I wanted to do something extraordinary to mark my 25th birthday. By extraordinary, I mean a remarkable experience that I can proudly look back to many years from now. I couldn’t think of anything better than jumping off from a perfectly good airplane. It’s been but a couple of days since, and I can truly say that I achieved my birthday goal. What a way to celebrate!
I was the first passenger on the plane and was beyond excited when I was told that I get to sit on the co-pilot’s chair. Yes – the best seat in the house! That was an experience in itself. The ascent towards the sky from the front seat was spectacular. This distracted me for a little while until I received the signal from Donovan, my instructor, that it was time.
The dive kicks off with a countdown: 1, 2, and Oh My God. The free fall from 13,500 feet to about 5,500 feet was the “extreme” part of the whole experience for me. It was a sensory overload. All at once, I was trying to take in the speed (about 120 mph), the cold (it felt like it was 25 degrees), the sights (amazing!) and the uneasy thoughts about my sister (who is afraid of heights) who jumped right after me. It was hard to breathe. There was no escape from it. I had no other choice but to take it all in and it was exhilarating! To top the free fall experience off, I consider myself SO lucky to fall through a large cumulus cloud. It was unreal! I literally gasped with delight when I disappeared into the white. As soon as we left the cloud, we deployed the shoot and the rush became calm. It was time for the canopy flight back to solid ground. I enjoyed this part of the dive because this was when it hit me that I did it. I did it! I was so proud of myself. The descent was peaceful and this was when I really enjoyed the scenery from above. And then it all ended with a smooth landing, a high five, and a big smile on my windblown face.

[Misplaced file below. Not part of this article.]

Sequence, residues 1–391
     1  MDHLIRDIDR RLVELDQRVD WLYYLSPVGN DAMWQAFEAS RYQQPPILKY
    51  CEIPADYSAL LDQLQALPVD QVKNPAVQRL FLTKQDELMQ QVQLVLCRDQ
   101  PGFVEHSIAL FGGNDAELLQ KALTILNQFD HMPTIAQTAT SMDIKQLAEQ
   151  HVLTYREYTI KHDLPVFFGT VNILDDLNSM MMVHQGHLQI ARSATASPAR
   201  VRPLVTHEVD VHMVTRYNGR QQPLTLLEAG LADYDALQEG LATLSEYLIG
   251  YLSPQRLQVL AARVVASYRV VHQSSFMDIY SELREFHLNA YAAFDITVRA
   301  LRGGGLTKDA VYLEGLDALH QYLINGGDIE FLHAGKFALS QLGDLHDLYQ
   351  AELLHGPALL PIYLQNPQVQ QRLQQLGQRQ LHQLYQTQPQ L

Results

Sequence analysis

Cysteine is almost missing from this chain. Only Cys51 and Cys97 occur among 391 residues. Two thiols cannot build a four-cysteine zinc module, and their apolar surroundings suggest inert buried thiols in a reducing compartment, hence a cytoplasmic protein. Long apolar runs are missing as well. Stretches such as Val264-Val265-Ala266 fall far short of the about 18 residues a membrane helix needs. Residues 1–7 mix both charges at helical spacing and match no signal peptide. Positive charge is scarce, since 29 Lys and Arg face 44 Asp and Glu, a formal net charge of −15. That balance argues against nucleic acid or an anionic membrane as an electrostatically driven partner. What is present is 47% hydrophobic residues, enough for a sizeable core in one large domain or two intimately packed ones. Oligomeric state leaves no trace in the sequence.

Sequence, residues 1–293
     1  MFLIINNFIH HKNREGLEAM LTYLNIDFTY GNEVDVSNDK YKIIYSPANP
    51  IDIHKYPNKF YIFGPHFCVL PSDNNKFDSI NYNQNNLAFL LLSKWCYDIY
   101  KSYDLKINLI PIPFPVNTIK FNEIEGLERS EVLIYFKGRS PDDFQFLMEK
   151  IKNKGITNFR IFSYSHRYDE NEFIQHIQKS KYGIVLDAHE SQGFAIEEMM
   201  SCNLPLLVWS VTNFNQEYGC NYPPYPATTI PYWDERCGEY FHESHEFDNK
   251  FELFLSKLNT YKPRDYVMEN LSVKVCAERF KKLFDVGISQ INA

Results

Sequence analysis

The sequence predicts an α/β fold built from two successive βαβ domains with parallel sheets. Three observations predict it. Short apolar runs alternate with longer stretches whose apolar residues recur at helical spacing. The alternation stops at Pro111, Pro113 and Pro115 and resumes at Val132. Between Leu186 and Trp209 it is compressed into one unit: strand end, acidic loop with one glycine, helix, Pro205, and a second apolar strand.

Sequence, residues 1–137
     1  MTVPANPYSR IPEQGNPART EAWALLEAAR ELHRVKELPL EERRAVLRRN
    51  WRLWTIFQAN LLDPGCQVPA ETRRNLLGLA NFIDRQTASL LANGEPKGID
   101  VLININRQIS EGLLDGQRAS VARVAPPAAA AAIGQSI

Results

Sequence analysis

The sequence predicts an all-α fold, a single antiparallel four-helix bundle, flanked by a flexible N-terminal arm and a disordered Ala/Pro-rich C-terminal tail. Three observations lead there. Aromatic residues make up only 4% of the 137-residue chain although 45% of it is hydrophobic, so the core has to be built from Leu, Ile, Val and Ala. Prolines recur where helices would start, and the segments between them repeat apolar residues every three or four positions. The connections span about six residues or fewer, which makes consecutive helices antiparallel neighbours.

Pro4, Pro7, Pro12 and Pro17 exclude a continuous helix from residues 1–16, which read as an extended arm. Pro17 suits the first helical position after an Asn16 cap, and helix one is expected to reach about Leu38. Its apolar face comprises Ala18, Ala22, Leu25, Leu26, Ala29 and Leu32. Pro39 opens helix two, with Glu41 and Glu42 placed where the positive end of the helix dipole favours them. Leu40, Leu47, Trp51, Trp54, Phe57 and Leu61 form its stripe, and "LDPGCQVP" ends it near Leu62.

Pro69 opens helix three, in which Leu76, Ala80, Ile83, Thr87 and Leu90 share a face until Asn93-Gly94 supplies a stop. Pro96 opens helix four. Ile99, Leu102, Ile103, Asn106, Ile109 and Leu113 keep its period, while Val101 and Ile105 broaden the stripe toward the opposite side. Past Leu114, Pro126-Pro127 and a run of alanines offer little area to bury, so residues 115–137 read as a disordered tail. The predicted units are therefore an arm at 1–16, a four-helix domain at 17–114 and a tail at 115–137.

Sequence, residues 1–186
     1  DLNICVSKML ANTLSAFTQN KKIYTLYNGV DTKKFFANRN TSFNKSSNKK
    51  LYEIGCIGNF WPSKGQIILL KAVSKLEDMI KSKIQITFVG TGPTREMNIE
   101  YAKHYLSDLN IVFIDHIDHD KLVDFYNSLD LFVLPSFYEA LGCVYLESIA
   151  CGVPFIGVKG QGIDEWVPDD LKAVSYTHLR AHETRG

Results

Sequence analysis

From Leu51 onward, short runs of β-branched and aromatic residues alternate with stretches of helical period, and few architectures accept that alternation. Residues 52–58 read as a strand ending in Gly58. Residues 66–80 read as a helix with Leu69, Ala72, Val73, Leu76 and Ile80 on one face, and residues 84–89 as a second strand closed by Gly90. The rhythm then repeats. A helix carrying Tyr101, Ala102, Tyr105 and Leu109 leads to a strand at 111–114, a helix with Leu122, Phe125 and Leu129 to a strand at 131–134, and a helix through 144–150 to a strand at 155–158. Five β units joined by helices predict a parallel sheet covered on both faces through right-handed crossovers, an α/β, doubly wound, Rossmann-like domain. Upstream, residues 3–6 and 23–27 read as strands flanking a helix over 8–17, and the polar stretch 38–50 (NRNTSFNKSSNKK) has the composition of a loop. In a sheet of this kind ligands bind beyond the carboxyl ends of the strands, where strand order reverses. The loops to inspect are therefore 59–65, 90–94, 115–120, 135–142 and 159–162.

One of the most valuable lessons that I take away from this experience is the significant difference that follow-through makes. I can think of several instances in the past wherein I would make a confident resolve to do this and that and then easily abandon the resolve altogether. I would draw an excuse or a justification from what seems to be a bottomless hat. The fact of the matter is, the one I hurt the most in this exercise is myself.
So here’s to being tough enough to follow through! When the urge to make an excuse comes creeping in, just think of one of the best slogans ever made – Just Do It!
When: May 9, 2010